Big decision #4: After successfully supporting myself without a job for three and a half years, I started getting fearful and restless in 2H2015. My economic outlook for 2016 and 2017 wasn't that great, and I thought it would be wise to get a job before job opportunities became scarce. As a result, I wrote, Time To Go Back To Work Full-Time Again?

Of course you know by now I haven't gone back to work, thank goodness, and have just maintained one or two corporate consulting clients to keep me engaged with the real world. I was so close to accepting a really shitty job at this fintech lending company 30 minutes south for low pay just because I wanted security and camaraderie. Then I almost stepped over the ledge by returning to my old industry with a tier 3 bank that just announced they are laying off 20% – 30% of their North America employees! Yes, the pay would have been at least $250,000, but for how long as a last-in employee?

Going through the process of finding full-time work again reminded me of the awkwardness of pretending to want to do something I don't want to do. I'm so happy I didn't go back to work full-time because I would have stayed for at least a year, no matter how bad things got.

Make A Convincing Written Argument

If you can’t convince me, the FS community, a close family member or a friend why you should part with your cash, then sit on your money until you do. The same thing goes for making any big decisions in life. We all have blind spots that need illuminating. The question is whether you will have the patience and honesty to hear what other people have to say.

Writing is a very purposeful action that makes you think much deeper. If you're unwilling to start your own website, then at least type your argument out in private. Upon reflection, it looks like not only has Financial Samurai allowed me to break free from Corporate America, it has also saved me a ton of heartache over the past seven years!

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55 thoughts on “A Better Way To Prevent Financial Mistakes: Convince Others Why Before You Buy”

  1. Hi Sam,
    If I feel that a financial downturn in the stock market is inevitable in June- August, would I be justified to take 90% of my portfolio in 401k out of the market? Right now I’m 50% in stocks, but if I don’t have a crystal ball but very strong gut feelings, would it be insane to take the rest out of the market?

  2. I really liked this post. The down turn of the housing market really took a toll on a lot of us. But investing in the housing market at the bottom of the market was a brilliant idea. The market has to come back to equilibrium and it sure did. I bought a home a little after the bottom of the market and it has gain $100,000 dollars in equity in a short time. I wish I would have bought to and took that risk. Better luck next time. :)

  3. Alright I am going to write out the reason why I am retiring early. I just read The Dark side of Early Retirement. I’ve never read it before. It was posted before I started following FS. What a great read. And it’s true, if you love you job, you would not want to retire.

    So, some of the reasons Sam listed for early retirement:

    1 – Have not found the right job. I don’t love my job. I don’t hate it. But every year it seems like I am working more for less. Of course there is typical work politics, hierarchy, kowtowing to the superior. And if I could advance easily at my work I would have stayed, but it take 120% effort to move up which I cannot not muster in a job that I am not passionate about.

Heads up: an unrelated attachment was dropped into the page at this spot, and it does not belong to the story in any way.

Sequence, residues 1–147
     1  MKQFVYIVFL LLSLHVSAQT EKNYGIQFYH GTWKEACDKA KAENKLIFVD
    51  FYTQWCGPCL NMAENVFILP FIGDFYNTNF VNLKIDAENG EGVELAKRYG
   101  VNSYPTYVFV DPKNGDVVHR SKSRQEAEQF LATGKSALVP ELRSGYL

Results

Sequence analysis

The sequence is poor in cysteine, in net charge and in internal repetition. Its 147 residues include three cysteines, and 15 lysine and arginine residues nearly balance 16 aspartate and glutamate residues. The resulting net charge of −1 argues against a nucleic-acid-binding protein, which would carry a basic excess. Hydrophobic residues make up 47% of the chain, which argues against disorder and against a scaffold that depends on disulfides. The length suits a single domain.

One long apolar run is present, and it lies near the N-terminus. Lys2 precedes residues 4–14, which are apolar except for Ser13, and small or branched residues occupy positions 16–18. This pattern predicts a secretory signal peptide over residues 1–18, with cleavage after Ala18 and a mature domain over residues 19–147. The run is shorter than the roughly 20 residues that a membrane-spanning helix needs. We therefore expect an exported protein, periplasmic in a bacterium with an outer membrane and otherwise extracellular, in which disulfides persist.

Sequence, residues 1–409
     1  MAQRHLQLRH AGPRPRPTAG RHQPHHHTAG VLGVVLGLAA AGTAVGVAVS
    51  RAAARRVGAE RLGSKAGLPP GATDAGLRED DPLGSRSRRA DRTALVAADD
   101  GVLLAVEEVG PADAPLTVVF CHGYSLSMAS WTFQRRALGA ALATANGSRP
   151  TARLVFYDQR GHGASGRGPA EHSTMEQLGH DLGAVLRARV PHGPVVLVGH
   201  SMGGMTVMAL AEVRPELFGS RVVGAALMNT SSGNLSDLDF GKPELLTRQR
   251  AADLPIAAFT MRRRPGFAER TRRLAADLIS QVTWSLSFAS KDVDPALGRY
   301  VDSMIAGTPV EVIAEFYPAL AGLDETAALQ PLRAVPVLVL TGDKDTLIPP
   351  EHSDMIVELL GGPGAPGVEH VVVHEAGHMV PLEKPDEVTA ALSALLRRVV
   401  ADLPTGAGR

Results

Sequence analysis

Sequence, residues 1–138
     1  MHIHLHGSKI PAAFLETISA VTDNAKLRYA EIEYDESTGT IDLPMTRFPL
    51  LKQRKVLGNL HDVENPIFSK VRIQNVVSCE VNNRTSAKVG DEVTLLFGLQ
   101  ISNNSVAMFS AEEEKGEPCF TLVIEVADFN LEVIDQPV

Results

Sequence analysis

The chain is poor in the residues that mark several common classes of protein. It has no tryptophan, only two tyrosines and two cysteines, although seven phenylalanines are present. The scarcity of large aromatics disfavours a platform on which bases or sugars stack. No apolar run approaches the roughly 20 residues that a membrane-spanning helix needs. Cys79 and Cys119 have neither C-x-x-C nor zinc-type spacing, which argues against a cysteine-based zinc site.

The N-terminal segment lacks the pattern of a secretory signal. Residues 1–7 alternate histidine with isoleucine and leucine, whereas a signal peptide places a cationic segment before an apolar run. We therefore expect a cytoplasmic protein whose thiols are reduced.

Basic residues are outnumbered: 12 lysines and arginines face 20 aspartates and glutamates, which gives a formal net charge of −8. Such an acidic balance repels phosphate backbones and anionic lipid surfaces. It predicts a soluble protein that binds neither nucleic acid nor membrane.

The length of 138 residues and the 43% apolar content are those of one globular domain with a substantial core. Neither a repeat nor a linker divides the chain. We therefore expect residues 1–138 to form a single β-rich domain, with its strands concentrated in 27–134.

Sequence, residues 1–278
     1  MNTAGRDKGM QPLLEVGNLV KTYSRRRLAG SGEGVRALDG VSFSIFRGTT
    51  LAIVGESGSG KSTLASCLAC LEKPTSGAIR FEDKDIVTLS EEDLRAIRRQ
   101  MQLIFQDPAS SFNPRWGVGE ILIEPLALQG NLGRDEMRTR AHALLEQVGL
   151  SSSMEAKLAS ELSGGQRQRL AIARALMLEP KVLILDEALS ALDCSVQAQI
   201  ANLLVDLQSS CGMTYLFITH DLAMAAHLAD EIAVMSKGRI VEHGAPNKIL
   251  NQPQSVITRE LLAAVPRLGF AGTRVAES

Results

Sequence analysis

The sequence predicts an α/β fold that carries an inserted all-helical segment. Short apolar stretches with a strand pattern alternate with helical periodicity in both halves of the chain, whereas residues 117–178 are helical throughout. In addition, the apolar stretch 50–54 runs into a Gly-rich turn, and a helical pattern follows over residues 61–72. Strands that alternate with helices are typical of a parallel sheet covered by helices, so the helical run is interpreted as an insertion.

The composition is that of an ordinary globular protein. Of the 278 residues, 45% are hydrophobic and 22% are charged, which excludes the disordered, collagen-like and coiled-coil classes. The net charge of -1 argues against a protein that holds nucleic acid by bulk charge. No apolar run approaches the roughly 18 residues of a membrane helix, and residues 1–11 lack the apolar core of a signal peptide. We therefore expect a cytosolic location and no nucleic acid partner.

2 – Want a way out. Not becoming all I can be. Yes. I admit it. I had higher hopes for myself when I was a kid. Curing cancer, invent rocket ships. Maybe this is not a good reason to quit, but I like to think I can do more in another field?

    3 – Time is precious. Honestly, as a single 44 y/o I have more money than I can spend. Maybe not for the rest of my life, but for the foreseeable future. If I have more free time, I rather spend it with family, traveling, and doing something creative.

    Dangers of early retirement:

    1 – Employment gap – won’t apply to me. I will still work part-time, and on my resume I will not have an unemployment gap. I won’t take more than 1 month off at a time. I believe I’ll have to explain that in my future job application.

    2 – Run out of money – Not gonna happen. I already have some passive income. And even working part-time I can cover all my expense. The down side is that I cannot fully fund my IRA.

    3 – Lose touch with family and friends. The opposite will happen. I will travel back to my country to spend time with my aging parents. Perhaps spend more time with friends too since while working full time I am always too tired to socialize on the weekends.

    4 – Difficulty starting a family – This one I am concerned about. The reason I am working full time is to have sufficient fund for a family. By myself I can live on a $60,000 pre-tax income. Yes, part of my want to keep up with my peers who are making $300-$400K a year. More practically I do work that when I have a family, can I provide for them.

    5 – Lose self respect due to lounging around lol. Admitted, maybe a little. If I retire early and not do anything productive with my time, I will feel worse about myself. If I do not follow through with the different personal projects that I have set out to accomplish, I will feel unproductive. If that happens, I should go back to working full time.

    It seems like I have all the reasons why people want to retire early. I am not saying they are great reasons, but it is what it is. On the other end, I have covered most of the risk of retirement. The biggest worry is not making enough money. Another big worry is losing momentum to work. The pluses of being in a rat race is that you get used to waking up at 6-7, commute to work, do you 10 hours days, look forward to the weekend. Once you stop working, you’ll get used to not working, and one day when you have to go back to work, ti will be SOOO painful.